MOVIE TRAILERS

Daniel Radcliffe as an Undercover Neo-Nazi in First 'Imperium' Trailer

by
July 5, 2016
Source: YouTube

Imperium Trailer

"Just because you're not looking at something, doesn't mean it's not there." Lionsgate has unveiled a trailer for a film called Imperium, starring Daniel Radcliffe as a young "analyst" who goes undercover as a Neo-Nazi in order to figure out the inner-workings and help take down a radical right-wing terrorist group. This actually looks quite intriguing, with Radcliffe going all-in with this role. The full cast includes Toni Collette, Tracy Letts, with Nestor Carbonell, Burn Gorman and Sam Trammell. I'm impressed by the choices Radcliffe has been making ever since Harry Potter, he seems to enjoy challenging himself with unique roles working with up-and-coming filmmakers, and it's refreshing. This looks like it could be good.

Here's the first official trailer (+ poster) for Daniel Ragussis' Imperium, direct from Lionsgate's YouTube:

Imperium Poster

Nate Foster (Daniel Radcliffe), a young, idealistic FBI agent, goes undercover to take down a radical right-wing terrorist group. The bright up-and-coming analyst must confront the challenge of sticking to a new identity while maintaining his real principles as he navigates the dangerous underworld of white supremacy. Imperium is both written and directed by filmmaker Daniel Ragussis, making his feature directing debut after a couple of short films (Word Is Bond, Haber) previously. Based on a story by Michael German, inspired by real events. This film has not premiered at any festivals yet. Lionsgate will release Imperium in select theaters + on VOD starting August 19th later this summer. Interested in seeing this?

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  • Zen
    I appreciate the challenging role, and am becoming a big fan of Radcliffe, especially after watching Swiss Army Man, but this one seems a bit weak to me. Acting/writing feels on the nose.
    • DAVIDPD
      I get what you are saying...almost seems like a David Ayer flick.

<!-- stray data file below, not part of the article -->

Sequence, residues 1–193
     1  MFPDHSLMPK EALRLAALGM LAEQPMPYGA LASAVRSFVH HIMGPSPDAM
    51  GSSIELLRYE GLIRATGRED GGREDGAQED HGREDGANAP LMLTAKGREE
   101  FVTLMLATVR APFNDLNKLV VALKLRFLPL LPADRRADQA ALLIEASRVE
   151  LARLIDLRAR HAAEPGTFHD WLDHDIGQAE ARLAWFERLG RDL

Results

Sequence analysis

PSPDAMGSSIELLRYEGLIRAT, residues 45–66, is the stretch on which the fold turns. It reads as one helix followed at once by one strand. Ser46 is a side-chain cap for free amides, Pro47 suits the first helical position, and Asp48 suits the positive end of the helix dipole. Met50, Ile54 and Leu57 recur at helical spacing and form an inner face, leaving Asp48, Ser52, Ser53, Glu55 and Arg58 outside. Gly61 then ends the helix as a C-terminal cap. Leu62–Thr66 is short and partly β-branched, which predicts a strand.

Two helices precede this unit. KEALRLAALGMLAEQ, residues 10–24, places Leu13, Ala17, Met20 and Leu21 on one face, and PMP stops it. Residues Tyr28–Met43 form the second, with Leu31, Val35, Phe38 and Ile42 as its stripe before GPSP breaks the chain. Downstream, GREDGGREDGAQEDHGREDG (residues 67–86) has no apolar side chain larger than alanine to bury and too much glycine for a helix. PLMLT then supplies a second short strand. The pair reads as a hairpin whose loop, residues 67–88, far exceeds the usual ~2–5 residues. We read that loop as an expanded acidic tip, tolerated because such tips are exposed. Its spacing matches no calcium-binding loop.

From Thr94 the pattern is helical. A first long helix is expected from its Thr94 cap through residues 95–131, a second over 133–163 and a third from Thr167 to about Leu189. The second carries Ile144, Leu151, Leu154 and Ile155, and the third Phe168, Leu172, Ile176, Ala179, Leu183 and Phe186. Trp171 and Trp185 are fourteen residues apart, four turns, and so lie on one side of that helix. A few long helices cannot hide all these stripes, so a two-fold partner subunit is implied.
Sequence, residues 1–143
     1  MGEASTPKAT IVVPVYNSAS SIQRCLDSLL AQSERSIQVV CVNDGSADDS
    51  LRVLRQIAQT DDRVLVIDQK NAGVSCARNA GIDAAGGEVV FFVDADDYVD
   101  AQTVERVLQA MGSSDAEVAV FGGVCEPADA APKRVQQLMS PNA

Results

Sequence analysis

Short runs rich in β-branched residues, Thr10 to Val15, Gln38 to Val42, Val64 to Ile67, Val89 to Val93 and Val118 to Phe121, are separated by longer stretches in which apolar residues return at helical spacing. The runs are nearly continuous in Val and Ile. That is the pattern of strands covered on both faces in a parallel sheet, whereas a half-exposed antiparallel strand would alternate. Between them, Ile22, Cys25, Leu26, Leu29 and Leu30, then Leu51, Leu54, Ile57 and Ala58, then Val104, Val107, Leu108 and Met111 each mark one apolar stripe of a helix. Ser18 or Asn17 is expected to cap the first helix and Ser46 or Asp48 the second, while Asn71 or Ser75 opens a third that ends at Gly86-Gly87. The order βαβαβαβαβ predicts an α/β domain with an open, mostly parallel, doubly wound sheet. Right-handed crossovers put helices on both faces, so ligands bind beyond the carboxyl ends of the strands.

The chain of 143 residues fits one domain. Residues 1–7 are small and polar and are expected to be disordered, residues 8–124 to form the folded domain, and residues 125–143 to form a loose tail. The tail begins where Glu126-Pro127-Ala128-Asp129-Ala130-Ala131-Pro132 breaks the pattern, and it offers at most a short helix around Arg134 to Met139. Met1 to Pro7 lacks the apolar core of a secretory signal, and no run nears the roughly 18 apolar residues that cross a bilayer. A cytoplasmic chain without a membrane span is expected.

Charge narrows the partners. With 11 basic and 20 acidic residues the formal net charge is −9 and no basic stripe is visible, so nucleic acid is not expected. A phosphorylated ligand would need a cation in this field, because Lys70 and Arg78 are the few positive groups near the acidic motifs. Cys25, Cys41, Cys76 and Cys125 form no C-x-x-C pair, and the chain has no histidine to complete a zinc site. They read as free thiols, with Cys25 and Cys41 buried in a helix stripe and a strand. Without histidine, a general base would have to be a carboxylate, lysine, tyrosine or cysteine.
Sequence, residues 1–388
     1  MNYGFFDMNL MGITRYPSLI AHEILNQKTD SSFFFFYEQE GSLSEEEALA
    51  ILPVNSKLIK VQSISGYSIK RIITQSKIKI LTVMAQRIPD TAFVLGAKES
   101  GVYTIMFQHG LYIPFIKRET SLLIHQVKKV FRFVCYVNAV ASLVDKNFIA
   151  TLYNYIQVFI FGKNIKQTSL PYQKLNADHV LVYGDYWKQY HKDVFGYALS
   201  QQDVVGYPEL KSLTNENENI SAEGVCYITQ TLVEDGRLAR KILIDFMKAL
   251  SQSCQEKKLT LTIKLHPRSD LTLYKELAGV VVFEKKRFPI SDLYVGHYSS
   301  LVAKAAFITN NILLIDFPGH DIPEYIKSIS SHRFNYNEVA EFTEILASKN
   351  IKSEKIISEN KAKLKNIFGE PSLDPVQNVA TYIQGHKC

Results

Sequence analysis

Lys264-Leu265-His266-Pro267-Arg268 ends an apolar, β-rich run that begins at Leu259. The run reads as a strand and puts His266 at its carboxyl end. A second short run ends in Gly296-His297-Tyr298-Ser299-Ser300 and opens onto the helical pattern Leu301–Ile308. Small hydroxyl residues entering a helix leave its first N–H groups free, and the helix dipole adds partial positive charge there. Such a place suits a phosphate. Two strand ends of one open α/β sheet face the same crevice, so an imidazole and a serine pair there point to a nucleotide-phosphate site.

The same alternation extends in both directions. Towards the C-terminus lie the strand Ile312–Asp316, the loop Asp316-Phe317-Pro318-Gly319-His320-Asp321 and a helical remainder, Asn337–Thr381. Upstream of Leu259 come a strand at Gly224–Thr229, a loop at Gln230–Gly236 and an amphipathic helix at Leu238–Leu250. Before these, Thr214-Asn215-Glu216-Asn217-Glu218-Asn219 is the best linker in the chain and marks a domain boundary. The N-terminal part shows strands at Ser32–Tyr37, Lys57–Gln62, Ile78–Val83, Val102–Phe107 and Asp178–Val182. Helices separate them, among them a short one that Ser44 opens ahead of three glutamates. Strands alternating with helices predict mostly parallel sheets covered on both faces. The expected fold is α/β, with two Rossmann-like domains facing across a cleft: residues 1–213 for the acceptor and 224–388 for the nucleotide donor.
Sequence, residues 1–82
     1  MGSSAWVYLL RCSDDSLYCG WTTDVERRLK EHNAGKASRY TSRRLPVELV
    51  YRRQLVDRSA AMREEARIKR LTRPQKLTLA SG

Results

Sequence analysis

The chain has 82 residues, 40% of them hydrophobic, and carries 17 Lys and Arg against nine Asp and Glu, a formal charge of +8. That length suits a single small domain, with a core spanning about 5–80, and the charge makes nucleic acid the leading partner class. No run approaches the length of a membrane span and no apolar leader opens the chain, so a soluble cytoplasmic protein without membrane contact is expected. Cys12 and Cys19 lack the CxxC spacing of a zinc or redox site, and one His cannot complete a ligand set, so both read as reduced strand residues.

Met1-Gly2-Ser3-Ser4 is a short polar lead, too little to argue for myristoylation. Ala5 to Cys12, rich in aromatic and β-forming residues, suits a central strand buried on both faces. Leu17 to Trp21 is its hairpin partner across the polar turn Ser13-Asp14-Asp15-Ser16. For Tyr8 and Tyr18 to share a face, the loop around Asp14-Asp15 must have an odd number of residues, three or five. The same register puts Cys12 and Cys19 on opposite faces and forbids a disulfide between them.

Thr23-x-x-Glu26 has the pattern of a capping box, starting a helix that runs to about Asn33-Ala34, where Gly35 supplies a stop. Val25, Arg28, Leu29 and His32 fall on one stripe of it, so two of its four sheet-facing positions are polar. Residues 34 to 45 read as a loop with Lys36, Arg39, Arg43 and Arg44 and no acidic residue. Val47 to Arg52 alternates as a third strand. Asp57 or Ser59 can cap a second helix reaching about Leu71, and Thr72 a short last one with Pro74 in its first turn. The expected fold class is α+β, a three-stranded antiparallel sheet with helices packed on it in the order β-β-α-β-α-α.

• shiboleth
    I'm quite surprised by Daniel Radcliffe. I never thought he'll do anything special after Harry Potter, but man, he's relentless. Film after film he tries harder and harder and there's quite a chance he'll make something of himself as an actor. Especially, since movies with him are never quite good, but are getting better and better ...
    • He was amazing in Swiss Army Man.
      • shiboleth
        That is probably true. But I also have to be honest: I prefer Paul Dano and, for me, he's better reason to watch that funny flick. But then again, Radcliffe might also be good judging from said above, right?
    • Bo
      I agree. I also don't agree with some of the assessments above of his work. I wouldn't be caught dead watching a Harry Potter movie; not cup of tea. I think he came across quite decently in this trailer. It looks like this could be a pretty good movie with Radcliffe doing a good job of it.
      • shiboleth
        Don't worry Bo, I'm definitely not fun of Harry Potter but my daughter is and that has the consequences you just can't imagine. Who's gonna take her to movie theater, what do you think? Oh man, I saw so many childish movies I didn't want to. Seeing her happy, on the other side, was also a good part of it ... But, she's getting older and in a few years I'll be free from those hard experiences ...
        • Bo